“She fell and chipped her tooth.”
The kids were at Starbucks, not two hundred feet from where I was answering phones at the ballet. I send them on a regular basis, confident Caroline knows when to come get me if Sam breaks down and Sam knows I’ll throttle him if he does anything too outré. It gives them an outlet when my volunteerism has left them stuck waiting around after both their classes have ended.
I knew I’d get a call eventually. Something was bound to go wrong. But I expected it to be Sam. Nobody calls about Caroline.
The woman was still talking when I hung up on her.
“Gotta go, Caroline’s busted her face in.” I knew it was worse than “chipped her tooth”. Even with Asperger’s and sensory issues, Caroline would have sent her brother for me before she would have had a Starbucks employee call. I left someone else to collect my scattered belongings as I raced down the stairs and across the courtyard.
I didn’t see Caroline when I got to the store, as she was surrounded by concerned parents and staff. But I heard her. “It hurts! I want my mom! I want my dad! I wish I’d lost a limb instead!”
“Caroline, honey, I’m here.” The sea of worried people parted to let me through.
She has a nosebleed, and she’s shattered a front tooth.
“Who’s your dentist?”
A woman holding a phone materialized beside me as I reeled Caroline in and started to rock.
“Her tooth is broken. Who’s your dentist?”
“Doctor Hudson over on Bell Road.”
“Great. Doctor Rob is still in his office.”
“But I said…”
She was dialing before I could complete my protest, and I doubt she heard me over Caroline anyway. I pulled away from my daughter long enough to get a good look at her injury, then went back to rocking. “We need to go to the emergency room.” That’s not a nose bleed. Holy God she skinned her face.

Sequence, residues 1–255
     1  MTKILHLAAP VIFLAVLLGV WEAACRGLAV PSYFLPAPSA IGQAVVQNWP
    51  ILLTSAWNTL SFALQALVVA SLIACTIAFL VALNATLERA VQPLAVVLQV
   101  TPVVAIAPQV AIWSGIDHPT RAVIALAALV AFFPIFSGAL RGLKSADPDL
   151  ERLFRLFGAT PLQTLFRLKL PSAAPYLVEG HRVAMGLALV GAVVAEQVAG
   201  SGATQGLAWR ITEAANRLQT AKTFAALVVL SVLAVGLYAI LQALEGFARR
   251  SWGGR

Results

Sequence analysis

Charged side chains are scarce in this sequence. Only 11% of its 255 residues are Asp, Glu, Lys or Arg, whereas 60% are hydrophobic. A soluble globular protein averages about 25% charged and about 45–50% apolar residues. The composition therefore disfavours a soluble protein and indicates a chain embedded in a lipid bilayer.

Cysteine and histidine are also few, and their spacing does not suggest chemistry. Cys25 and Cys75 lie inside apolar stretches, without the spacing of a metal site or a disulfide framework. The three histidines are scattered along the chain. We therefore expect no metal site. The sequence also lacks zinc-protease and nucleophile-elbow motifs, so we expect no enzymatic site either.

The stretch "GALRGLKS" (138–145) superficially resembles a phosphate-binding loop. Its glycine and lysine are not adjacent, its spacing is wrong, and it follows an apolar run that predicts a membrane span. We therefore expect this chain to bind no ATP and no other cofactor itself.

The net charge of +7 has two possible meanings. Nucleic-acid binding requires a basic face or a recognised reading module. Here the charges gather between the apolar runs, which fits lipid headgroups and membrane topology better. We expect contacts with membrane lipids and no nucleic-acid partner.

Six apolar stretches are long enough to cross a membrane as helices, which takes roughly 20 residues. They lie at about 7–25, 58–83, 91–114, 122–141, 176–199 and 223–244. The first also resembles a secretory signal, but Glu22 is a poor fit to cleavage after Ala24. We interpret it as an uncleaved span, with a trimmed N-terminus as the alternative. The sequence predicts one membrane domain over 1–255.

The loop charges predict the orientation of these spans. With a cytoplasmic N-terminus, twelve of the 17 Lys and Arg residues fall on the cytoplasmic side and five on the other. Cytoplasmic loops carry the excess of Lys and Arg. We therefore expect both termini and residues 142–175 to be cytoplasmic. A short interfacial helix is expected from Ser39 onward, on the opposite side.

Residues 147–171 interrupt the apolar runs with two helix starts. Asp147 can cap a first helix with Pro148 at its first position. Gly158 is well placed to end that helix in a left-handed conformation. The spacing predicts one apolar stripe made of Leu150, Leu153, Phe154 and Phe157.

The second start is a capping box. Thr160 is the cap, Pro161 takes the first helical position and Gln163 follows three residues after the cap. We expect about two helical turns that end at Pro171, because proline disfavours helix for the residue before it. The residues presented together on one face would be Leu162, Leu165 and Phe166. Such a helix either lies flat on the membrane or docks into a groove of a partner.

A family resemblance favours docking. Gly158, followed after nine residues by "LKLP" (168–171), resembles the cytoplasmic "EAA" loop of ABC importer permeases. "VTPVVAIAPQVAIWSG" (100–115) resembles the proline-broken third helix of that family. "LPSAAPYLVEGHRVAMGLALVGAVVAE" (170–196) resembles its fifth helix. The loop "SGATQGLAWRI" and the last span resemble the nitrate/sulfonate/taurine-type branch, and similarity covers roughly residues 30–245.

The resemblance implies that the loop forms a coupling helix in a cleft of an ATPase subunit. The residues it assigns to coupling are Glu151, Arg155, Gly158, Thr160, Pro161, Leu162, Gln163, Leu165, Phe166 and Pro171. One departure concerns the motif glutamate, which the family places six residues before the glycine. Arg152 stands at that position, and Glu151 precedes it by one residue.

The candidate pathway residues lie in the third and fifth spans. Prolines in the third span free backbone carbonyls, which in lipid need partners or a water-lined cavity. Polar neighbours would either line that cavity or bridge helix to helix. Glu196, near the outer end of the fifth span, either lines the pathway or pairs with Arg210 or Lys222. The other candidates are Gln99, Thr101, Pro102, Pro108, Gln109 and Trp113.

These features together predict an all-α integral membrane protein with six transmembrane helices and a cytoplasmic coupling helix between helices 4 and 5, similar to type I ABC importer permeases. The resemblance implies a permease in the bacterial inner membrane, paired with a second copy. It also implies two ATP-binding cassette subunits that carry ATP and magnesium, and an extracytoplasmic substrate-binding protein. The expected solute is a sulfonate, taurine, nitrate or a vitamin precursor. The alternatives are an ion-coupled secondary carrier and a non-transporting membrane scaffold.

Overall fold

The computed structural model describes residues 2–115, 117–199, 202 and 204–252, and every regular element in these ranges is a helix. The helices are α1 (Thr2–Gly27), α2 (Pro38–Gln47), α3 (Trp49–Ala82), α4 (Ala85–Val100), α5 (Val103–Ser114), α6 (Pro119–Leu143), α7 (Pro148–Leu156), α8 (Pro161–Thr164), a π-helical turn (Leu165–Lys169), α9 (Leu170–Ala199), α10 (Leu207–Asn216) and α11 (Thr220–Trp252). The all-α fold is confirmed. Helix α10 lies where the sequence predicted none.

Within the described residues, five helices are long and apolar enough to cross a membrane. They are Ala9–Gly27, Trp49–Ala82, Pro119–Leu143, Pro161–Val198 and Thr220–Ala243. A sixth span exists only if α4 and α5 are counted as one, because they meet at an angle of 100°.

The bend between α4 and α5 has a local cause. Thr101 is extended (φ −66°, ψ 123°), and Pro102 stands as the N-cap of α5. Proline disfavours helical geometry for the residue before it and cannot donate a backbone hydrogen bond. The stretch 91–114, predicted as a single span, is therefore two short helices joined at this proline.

“No! I want to go home!”
The woman with the phone was back. “Look up,” she commanded Caroline. “And open your mouth.” When Caroline complied, still howling, the woman said, “No root showing,” then, “Is it loose in the socket? Can you wiggle it, honey?” Caroline shook her head. “Not loose. Great. Any pain here?” She brushed the bridge of Caroline’s nose with her index finger.
“No! It’s all here!” Caroline indicated the hamburger that had formerly been her upper lip and nostril.
“Fantastic.” The woman hung up and turned to me. “There’s not a thing the ER can do for the tooth, and they’ll only clean the abrasion. Take her home, alternate Tylenol with ibuprofen; and get her into her regular dentist first thing in the morning.” The woman vanished. I felt like I’d been visited by the Lone Ranger.
“Ow! I want to go home!”
“OK. Home.” I stroked Caroline’s head and led her towards the door. “We’ll get you home.”
The next day, the dentist repaired the tooth and confirmed that the palate wasn’t broken, while the pediatrician provided ointment for the skinned face and double-checked the nose. Caroline clung to us all day, especially Scott, but that was fine. It felt good to hold her and reassure her, to let her know that she is still young enough that we can ride to her rescue when those calls come in, to let her know we’ll always be her parents.
Jessie Powell is the Jester Queen. She likes to tell you about her dog, her kids, her fiction, and her blog, but not necessarily in that order.